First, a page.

Soniah Kamal

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'Islam is not Pakistan's religion; Marriage is'

Thursday, August 30, 2012

Rebecca Traister and True Blue and Madonna and Me

Leading up to my 'Madonna and Me' talk at the Decatur Book Festival, I will be interviewing my fellow contributors. Today it's Rebecca Traister. Rebecca's essay 'Touched for the very First Time' explores if it is ever 'too late' to watch an icon live in concert. My favorite bit from Rebecca's essay 'I was nine when I watched a ratty-looking woman pleasure herself on a Venetian gondola while a panting lion looked on in the 'Like a Virgin' video and my father, glancing at the television, asked, "Who is that?" I am sure that my father, who has barely glanced at a television since, had no memory of this. But I remember. Because while I didn't understand the first thing about who she was or what she was doing to that poor lion, I knew she was fascianting. And because my mother--who also never glances at the television and had never been able to remember anybody's name, including mine-- stunned us all by informing him, "That's Madonna."
And another but I just have to quote: "The trouble is she's (Madonna) has made her own job so much harder. Whether she herself trained us not to flinch in the face of manipulated sexual and religious iconography or whether she has simply ridden the larger cultural shock wave past its crest, I'm not sure what her future as a provocateur could possibly hold.'

And here's Rebecca herself.

Favorite Madonna song and why?
True Blue/Jimmy Jimmy/La Isla Bonita, because I have such vivid and specific memories of a beach vacation with my best friends that I took the summer that album was out.

Favorite video and look?   
Two -- Material Girl because it was when I fell for her and it was so stylized and fun, and then Live To Tell because it was her first radical departure in look and she surprised me and also I loved the song.

Madonna with Nickie Minaj and MIA: Ultra Diva or Desperate? 
I think it's neither. Performers, especially ambitious performers like Madonna, want and need to stay relevant. and it's hard as a popular artist you get older and further away from youth, both your own and that of the people keeping culture relevant. I think it's fine that she's trying keep her career supple, even if she's also destined, on some level to not have the power she had as ayounger artist.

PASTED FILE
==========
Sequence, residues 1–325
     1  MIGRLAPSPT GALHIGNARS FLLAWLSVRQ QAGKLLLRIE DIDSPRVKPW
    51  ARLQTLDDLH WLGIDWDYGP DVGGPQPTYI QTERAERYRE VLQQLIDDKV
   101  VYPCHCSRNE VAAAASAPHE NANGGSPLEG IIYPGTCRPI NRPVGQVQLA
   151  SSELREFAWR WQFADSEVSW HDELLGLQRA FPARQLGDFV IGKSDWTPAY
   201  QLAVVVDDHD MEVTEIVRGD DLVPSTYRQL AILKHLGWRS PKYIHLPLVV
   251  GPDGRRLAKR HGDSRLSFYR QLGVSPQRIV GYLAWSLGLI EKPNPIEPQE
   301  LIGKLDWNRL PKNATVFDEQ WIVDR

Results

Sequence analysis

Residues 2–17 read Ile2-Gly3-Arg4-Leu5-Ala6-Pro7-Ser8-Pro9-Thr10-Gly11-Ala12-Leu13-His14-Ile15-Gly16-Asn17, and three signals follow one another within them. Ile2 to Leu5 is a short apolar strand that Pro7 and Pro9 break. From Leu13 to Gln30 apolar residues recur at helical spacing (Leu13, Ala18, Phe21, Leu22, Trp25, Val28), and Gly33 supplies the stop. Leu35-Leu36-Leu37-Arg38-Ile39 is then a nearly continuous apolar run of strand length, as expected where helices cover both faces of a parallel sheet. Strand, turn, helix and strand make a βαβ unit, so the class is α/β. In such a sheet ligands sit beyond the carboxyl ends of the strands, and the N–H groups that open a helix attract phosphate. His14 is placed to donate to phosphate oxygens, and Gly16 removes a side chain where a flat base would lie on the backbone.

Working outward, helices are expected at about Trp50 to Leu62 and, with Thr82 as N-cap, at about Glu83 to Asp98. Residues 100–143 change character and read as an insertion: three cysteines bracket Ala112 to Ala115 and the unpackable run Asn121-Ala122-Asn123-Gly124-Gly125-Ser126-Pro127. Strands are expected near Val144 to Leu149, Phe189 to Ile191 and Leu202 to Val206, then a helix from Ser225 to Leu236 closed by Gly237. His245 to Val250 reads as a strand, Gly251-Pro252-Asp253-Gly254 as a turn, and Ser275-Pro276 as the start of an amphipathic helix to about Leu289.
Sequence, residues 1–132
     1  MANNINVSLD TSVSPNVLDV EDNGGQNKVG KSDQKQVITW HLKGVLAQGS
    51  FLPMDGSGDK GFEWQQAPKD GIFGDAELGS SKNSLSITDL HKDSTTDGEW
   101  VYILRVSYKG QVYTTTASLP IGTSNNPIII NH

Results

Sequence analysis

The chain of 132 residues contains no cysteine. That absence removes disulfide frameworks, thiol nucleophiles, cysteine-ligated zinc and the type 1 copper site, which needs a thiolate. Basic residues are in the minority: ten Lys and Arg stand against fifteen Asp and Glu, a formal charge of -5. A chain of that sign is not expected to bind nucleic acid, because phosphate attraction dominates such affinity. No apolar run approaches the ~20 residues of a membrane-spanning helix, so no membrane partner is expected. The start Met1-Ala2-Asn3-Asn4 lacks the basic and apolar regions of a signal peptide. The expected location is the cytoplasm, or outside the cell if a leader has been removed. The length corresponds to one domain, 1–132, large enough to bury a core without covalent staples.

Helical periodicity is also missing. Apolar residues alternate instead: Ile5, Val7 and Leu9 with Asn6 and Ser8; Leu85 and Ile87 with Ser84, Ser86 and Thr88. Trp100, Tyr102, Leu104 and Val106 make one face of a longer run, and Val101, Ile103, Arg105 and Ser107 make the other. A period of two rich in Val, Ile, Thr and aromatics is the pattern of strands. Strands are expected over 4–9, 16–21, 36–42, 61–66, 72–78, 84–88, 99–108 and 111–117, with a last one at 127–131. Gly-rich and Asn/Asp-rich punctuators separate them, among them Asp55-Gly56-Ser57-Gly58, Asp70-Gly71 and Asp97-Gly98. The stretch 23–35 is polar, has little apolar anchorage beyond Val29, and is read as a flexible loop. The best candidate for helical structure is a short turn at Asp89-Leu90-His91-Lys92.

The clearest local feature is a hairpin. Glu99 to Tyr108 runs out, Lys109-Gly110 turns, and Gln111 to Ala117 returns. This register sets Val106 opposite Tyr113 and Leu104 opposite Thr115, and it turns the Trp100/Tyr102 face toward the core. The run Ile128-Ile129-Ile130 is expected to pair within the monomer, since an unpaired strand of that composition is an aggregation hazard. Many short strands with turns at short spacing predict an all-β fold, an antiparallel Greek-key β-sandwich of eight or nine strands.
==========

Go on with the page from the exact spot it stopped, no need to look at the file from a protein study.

Can you tell us a little about your writing and revision process for 'A Borderline History of My Relationship with Madonna'? 
I wrote the piece very quickly for Salon, after having been to my first Madonna concert. I don't remember much about the process.

What are you working on now? 
I'm writing a book about single women that'll be published by Simon & Schuster in late 2013 or early 2014. 

Rebecca's Bio:
Rebecca Traister is the author of Big Girls Don't Cry: The Election that Changed Everything for American Women, a New York Times Notable Book of 2010 and the winner of the Ernesta Drinker Ballard Book Prize. A feminist journalist with Salon.com for the past nine years, Traister has also written about women in politics and media for The New York Times Magazine, Elle, The Nation, The New York Observer and The Washington Post. She lives in Brooklyn and is at work on a book about single women changing culture and politics, due from Simon & Schuster in 2014. 

Thanks Rebecca!

Buy Madonna and Me


Tomorrow Q & A with Caroline Leavitt

Read Q & A with  Jen Hazen
Read Q & A with Maria Raha
Read Q & A with Sarah Sweeney
Read Q & A with Joshunda Victoria Sanders
Read Q &  A with editor of the anthology Laura Barcella
Read Q &  A with Wendy Tokunaga  


Sept 1, 2012. Decatur Book Festival. Local Prose Stage. 3: 15.
Soniah Kamal will be talking about growing up Muslim with Madonna. She will also read from her essay 'Through the Wilderness'. Please join her.


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